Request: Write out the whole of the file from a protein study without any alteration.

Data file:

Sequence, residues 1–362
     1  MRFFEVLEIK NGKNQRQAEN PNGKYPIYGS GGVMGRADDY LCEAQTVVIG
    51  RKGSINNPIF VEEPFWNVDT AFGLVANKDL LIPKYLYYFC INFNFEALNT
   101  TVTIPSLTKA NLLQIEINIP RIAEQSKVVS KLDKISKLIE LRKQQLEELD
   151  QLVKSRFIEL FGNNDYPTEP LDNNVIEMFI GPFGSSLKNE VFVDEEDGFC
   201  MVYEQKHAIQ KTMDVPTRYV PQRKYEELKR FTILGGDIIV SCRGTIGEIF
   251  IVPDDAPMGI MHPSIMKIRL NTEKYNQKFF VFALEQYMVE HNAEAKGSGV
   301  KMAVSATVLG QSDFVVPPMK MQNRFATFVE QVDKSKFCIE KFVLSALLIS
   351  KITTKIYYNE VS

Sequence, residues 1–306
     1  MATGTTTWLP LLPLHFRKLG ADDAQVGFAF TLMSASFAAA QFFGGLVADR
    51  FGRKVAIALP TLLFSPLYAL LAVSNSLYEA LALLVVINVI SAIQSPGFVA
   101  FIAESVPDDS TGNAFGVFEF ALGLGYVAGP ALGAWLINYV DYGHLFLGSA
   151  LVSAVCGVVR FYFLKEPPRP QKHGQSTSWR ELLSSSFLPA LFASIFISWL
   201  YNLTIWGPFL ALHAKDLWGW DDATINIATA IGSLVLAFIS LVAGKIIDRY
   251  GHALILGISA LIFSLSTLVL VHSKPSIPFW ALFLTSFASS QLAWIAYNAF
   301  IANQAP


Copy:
Sequence, residues 1–362
     1  MRFFEVLEIK NGKNQRQAEN PNGKYPIYGS GGVMGRADDY LCEAQTVVIG
    51  RKGSINNPIF VEEPFWNVDT AFGLVANKDL LIPKYLYYFC INFNFEALNT
   101  TVTIPSLTKA NLLQIEINIP RIAEQSKVVS KLDKISKLIE LRKQQLEELD
   151  QLVKSRFIEL FGNNDYPTEP LDNNVIEMFI GPFGSSLKNE VFVDEEDGFC
   201  MVYEQKHAIQ KTMDVPTRYV PQRKYEELKR FTILGGDIIV SCRGTIGEIF
   251  IVPDDAPMGI MHPSIMKIRL NTEKYNQKFF VFALEQYMVE HNAEAKGSGV
   301  KMAVSATVLG QSDFVVPPMK MQNRFATFVE QVDKSKFCIE KFVLSALLIS
   351  KITTKIYYNE VS

Sequence, residues 1–306
     1  MATGTTTWLP LLPLHFRKLG ADDAQVGFAF TLMSASFAAA QFFGGLVADR
    51  FGRKVAIALP TLLFSPLYAL LAVSNSLYEA LALLVVINVI SAIQSPGFVA
   101  FIAESVPDDS TGNAFGVFEF ALGLGYVAGP ALGAWLINYV DYGHLFLGSA
   151  LVSAVCGVVR FYFLKEPPRP QKHGQSTSWR ELLSSSFLPA LFASIFISWL
   201  YNLTIWGPFL ALHAKDLWGW DDATINIATA IGSLVLAFIS LVAGKIIDRY
   251  GHALILGISA LIFSLSTLVL VHSKPSIPFW ALFLTSFASS QLAWIAYNAF
   301  IANQAP